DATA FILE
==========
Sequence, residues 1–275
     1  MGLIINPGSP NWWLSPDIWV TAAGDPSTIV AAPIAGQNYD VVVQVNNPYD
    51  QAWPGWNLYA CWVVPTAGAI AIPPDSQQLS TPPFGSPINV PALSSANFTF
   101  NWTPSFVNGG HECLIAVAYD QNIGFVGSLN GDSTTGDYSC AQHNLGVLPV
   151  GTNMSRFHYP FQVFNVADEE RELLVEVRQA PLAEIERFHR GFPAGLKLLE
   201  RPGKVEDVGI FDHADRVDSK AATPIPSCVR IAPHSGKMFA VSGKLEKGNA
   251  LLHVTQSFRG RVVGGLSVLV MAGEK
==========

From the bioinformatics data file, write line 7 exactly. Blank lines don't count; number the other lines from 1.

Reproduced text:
   251  LLHVTQSFRG RVVGGLSVLV MAGEK